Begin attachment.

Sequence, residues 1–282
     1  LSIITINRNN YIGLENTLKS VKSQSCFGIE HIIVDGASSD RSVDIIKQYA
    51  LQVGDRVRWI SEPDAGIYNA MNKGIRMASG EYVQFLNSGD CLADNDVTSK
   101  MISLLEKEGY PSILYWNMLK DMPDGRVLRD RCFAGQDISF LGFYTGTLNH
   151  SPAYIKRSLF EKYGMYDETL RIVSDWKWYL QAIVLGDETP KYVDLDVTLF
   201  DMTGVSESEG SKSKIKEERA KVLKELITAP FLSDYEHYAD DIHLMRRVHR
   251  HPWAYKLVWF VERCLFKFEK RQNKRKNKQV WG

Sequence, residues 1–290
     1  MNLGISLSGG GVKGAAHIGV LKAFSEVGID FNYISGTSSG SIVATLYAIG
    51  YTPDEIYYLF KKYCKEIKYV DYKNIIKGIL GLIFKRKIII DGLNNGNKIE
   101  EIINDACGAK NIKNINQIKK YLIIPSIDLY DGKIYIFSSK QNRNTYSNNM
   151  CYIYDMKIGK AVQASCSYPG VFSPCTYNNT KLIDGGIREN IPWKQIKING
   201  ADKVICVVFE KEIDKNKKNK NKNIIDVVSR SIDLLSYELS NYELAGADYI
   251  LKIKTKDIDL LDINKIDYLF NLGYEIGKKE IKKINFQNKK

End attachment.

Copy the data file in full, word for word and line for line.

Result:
Sequence, residues 1–282
     1  LSIITINRNN YIGLENTLKS VKSQSCFGIE HIIVDGASSD RSVDIIKQYA
    51  LQVGDRVRWI SEPDAGIYNA MNKGIRMASG EYVQFLNSGD CLADNDVTSK
   101  MISLLEKEGY PSILYWNMLK DMPDGRVLRD RCFAGQDISF LGFYTGTLNH
   151  SPAYIKRSLF EKYGMYDETL RIVSDWKWYL QAIVLGDETP KYVDLDVTLF
   201  DMTGVSESEG SKSKIKEERA KVLKELITAP FLSDYEHYAD DIHLMRRVHR
   251  HPWAYKLVWF VERCLFKFEK RQNKRKNKQV WG

Sequence, residues 1–290
     1  MNLGISLSGG GVKGAAHIGV LKAFSEVGID FNYISGTSSG SIVATLYAIG
    51  YTPDEIYYLF KKYCKEIKYV DYKNIIKGIL GLIFKRKIII DGLNNGNKIE
   101  EIINDACGAK NIKNINQIKK YLIIPSIDLY DGKIYIFSSK QNRNTYSNNM
   151  CYIYDMKIGK AVQASCSYPG VFSPCTYNNT KLIDGGIREN IPWKQIKING
   201  ADKVICVVFE KEIDKNKKNK NKNIIDVVSR SIDLLSYELS NYELAGADYI
   251  LKIKTKDIDL LDINKIDYLF NLGYEIGKKE IKKINFQNKK